Wired Theatre follow on from their show last year, And Love Walked In, with this new sequel, Always, With a Love That's True.
we discover the extent of his craziness, and the darkness of the script comes out
A wonderful piece of Fringe theatre performed under the direction of Sylvia Vickers, you certainly don't need to have seen the previous show to appreciate the brilliance of this one. We were invited into the director’s or one of the cast member's homes, this time on Colbourne Road, and treated to a skilled piece of drama. The unique location made movement easy and the acting felt close and real because of the setting.
We meet Andrew, brilliantly played by Robin Humphreys, in his study, pissed as a fart, and he rambles to us about how he wants to kill his wife’s lover. I understand we first met him and Piotr and the rest of the characters in the first play of what may turn out to be a trilogy. At this point, the play is relaxed. It is just beginning. The audience are settling into the theatre space and new sounds and movements are around us. But still, the atmosphere is charming and easy, and Humphreys brings us there.
Sounds are perfectly timed and in no hurry the drama starts to unfold, as Jo and Phyl, Andrew’s patient and her partner, join him in his role of their pseudo therapist. Jo, Angela Ferns, is a brilliant contrast to the sharp Phyl, Jackie Thomas; she’s been involved with Andy for some time. We start to see the glimmers of a complex and troubled life for our protagonist.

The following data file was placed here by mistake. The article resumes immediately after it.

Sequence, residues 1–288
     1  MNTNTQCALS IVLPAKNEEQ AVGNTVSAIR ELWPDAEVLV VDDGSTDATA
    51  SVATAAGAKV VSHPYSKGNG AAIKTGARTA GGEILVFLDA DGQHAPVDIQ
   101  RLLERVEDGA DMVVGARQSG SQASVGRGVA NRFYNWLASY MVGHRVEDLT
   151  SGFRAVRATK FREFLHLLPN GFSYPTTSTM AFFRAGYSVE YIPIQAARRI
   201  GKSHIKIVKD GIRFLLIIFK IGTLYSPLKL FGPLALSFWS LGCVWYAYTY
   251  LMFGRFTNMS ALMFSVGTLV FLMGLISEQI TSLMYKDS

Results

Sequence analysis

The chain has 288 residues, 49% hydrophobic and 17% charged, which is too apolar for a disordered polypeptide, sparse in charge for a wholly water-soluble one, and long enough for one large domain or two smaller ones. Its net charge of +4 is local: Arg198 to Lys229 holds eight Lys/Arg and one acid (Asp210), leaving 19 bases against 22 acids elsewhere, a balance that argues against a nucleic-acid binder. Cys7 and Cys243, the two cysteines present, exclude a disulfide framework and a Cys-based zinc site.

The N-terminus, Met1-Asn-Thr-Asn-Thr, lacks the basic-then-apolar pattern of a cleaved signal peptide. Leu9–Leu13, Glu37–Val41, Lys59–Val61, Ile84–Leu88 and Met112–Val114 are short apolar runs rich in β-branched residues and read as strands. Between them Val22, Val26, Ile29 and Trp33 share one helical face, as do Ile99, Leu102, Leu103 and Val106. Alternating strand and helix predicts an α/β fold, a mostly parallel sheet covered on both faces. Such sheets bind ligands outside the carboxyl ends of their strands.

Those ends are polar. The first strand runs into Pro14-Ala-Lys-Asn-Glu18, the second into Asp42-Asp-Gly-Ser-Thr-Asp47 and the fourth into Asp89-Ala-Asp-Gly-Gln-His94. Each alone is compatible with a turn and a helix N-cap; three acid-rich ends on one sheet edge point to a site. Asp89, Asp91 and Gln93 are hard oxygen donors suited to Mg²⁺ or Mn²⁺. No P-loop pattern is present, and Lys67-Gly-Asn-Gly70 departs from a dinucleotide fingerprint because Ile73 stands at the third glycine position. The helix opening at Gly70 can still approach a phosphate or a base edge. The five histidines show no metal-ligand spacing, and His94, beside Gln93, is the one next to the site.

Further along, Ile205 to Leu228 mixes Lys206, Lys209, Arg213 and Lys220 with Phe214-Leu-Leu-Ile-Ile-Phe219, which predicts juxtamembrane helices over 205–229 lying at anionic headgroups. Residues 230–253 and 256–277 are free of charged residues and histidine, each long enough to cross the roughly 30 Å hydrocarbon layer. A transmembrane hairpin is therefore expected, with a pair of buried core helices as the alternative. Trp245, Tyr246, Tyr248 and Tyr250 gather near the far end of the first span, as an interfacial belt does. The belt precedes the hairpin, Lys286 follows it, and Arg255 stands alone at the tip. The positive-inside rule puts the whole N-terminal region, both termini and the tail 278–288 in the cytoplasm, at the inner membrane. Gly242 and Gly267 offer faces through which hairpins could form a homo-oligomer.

Humphreys’ movements are so well timed, precise and yet at such ease, we despair for him as he totters around the house and slugs from the vodka. We realise the depths of his sensitivity when his wife Sheila, Gillian Eddison, confident and feminine, returns home to him, and they cry together on the stairs.
Then we discover the extent of his craziness, and the darkness of the script comes out, Piotr visits Andy from beyond, and the script here is nuanced and later poetic.
The actors are perfect in and accurately portray their roles, delivering them exactly as they should. Humphreys’ acting is beyond this, down to the twitching in his eye bags as Sheila goes on about her ex-lover, and the shakes in his arms as Piotr’s ghost leaves him.
The romance in the play is subtle, in fact I don’t get the feeling that it’s that important, and I like that. It’s about people, individuals, their strange relationships, yes, but more about them individually and how life is strange, always.